If you’re planning a great Antipodean adventure, Australia and New Zealand tempt in equal measure.

Yet since that year-long sabbatical that will allow you to travel slowly across both countries may be a long time coming, you’ll likely have to make the tough decision to visit one over the other.

How do you tackle such a choice? Let two of our travel experts help.

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Awesome Oz

Australian travel writer and Lonely Planet contributor Sarah Reid has collected more than 130 passport stamps. But she has yet to visit another country that ticks as many boxes as her homeland.

So our mountains might not be as dramatic, our airline safety not as funny and our rugby team...well, let’s not get into that. But while I have a deep affection for our neighbor across the Tasman Sea, there’s really no beating what Australia has to offer visitors.

Crowds look at Uluru at dusk, Red Centre, Northern Territory, Australia
Sites of spiritual significance like Uluru let visitors get close to the world’s oldest living cultures © marcobrivio.photography / Shutterstock

Cultural cachet

Let’s start with the world’s oldest living cultures. Every corner of the country forms part of the traditional lands of an Aboriginal or Torres Strait Islander group with its own language, customs, traditions and stories. And there have never been more opportunities to experience this rich cultural legacy, from being dazzled by Wintjiri Wiru, a new state-of-the-art cultural storytelling experience at Uluru, to climbing the Sydney Harbour Bridge with an Indigenous storyteller guide.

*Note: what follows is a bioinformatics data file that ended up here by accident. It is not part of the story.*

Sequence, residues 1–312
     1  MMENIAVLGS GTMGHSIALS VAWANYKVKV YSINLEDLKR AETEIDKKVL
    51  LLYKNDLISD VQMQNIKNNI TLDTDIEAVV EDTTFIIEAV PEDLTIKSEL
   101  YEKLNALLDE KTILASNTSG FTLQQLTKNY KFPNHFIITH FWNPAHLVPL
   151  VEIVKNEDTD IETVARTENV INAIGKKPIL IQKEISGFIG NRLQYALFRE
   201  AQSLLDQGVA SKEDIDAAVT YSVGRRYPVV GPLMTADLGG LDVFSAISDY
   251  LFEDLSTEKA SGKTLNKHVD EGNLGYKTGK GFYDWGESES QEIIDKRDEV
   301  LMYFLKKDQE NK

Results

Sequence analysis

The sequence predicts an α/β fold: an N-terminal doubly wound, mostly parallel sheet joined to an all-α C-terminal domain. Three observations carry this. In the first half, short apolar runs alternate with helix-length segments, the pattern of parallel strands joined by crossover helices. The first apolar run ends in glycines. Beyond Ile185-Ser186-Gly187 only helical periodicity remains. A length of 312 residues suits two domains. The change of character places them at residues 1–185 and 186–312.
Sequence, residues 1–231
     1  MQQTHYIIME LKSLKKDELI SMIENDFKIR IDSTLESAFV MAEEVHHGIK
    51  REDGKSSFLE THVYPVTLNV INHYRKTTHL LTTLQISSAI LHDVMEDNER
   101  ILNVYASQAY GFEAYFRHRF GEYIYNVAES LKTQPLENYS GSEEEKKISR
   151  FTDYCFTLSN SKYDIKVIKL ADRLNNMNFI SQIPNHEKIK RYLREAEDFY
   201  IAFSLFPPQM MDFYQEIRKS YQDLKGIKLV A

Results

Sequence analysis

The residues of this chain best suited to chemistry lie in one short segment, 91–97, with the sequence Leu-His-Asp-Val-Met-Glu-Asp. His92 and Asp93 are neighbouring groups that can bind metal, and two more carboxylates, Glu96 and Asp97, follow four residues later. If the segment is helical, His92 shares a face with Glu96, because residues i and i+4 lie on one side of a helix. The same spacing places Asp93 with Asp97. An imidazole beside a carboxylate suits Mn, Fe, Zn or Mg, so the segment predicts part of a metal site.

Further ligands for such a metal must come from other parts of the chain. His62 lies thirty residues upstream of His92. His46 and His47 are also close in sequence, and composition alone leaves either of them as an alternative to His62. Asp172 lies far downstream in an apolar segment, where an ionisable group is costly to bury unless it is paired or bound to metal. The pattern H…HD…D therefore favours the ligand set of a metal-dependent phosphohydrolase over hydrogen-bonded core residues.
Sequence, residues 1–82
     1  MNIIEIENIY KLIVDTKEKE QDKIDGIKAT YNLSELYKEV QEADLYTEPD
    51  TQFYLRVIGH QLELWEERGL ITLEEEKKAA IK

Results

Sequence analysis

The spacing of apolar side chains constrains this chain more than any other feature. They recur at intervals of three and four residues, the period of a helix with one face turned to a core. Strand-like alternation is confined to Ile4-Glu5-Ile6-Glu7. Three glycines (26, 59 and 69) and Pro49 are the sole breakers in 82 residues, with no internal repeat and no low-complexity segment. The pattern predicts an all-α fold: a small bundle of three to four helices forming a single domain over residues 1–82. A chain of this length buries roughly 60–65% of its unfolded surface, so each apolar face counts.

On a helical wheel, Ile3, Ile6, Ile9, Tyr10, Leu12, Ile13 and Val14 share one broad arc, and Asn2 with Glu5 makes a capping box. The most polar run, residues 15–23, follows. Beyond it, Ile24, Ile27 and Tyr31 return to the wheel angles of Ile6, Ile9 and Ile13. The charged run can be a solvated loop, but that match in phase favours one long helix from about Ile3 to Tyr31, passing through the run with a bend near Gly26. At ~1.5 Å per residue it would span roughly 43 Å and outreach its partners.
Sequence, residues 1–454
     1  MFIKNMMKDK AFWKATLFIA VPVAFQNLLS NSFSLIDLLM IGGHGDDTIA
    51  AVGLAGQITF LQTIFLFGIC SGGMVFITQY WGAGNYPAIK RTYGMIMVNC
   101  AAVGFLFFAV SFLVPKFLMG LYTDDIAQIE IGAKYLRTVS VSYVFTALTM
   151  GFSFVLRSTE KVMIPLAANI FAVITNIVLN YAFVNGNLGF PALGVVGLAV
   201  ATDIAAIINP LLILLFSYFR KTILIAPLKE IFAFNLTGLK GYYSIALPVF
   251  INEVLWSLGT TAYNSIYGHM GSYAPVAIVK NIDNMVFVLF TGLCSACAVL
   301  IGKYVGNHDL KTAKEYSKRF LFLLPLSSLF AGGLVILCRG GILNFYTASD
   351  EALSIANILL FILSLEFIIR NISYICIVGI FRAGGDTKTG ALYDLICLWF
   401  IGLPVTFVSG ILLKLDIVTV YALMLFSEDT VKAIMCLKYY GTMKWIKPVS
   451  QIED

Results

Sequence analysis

Speaking of Sydney: what a showstopper! I lived in the New South Wales capital for nearly a decade and I still get misty-eyed at the sight of the Sydney Opera House sticking out into the sparkling Sydney Harbor. With regard to new food frontiers, did you know the flat white was invented in Sydney? We realize that might hard for Kiwis to accept. And while New Zealand might have made the first pavlova, its culinary scene doesn’t hold a candle to Australia’s, particularly in Sydney and Melbourne, which both lie within easy striking distance of top wine regions. And let’s not forget our other cool capital cities: Canberra and Hobart, to name two, can get literally as cold as Auckland or Wellington, but rarely as windy.

Kids on a walking path looking at wild echidna with beach in the background, Portland, Victoria, Australia
Only-in-Australia creatures like echidnas never fail to delight © caseyjadew / Shutterstock

A world of wildlife